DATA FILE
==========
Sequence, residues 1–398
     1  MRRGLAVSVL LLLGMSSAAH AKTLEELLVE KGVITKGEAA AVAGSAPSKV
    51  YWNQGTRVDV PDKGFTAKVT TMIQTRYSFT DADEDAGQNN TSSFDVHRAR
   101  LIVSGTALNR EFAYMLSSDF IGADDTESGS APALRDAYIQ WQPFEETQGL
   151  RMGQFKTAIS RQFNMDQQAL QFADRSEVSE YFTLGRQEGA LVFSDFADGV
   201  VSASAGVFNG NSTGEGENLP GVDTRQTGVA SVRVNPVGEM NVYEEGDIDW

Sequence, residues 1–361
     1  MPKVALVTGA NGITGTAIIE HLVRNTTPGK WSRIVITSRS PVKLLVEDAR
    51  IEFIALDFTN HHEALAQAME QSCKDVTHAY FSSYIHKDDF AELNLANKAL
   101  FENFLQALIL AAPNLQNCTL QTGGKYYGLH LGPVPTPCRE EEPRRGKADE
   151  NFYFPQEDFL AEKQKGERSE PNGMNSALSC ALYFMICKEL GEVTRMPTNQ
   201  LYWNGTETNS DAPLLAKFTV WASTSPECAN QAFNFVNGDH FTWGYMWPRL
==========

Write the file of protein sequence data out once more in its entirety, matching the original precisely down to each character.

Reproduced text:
Sequence, residues 1–398
     1  MRRGLAVSVL LLLGMSSAAH AKTLEELLVE KGVITKGEAA AVAGSAPSKV
    51  YWNQGTRVDV PDKGFTAKVT TMIQTRYSFT DADEDAGQNN TSSFDVHRAR
   101  LIVSGTALNR EFAYMLSSDF IGADDTESGS APALRDAYIQ WQPFEETQGL
   151  RMGQFKTAIS RQFNMDQQAL QFADRSEVSE YFTLGRQEGA LVFSDFADGV
   201  VSASAGVFNG NSTGEGENLP GVDTRQTGVA SVRVNPVGEM NVYEEGDIDW

Sequence, residues 1–361
     1  MPKVALVTGA NGITGTAIIE HLVRNTTPGK WSRIVITSRS PVKLLVEDAR
    51  IEFIALDFTN HHEALAQAME QSCKDVTHAY FSSYIHKDDF AELNLANKAL
   101  FENFLQALIL AAPNLQNCTL QTGGKYYGLH LGPVPTPCRE EEPRRGKADE
   151  NFYFPQEDFL AEKQKGERSE PNGMNSALSC ALYFMICKEL GEVTRMPTNQ
   201  LYWNGTETNS DAPLLAKFTV WASTSPECAN QAFNFVNGDH FTWGYMWPRL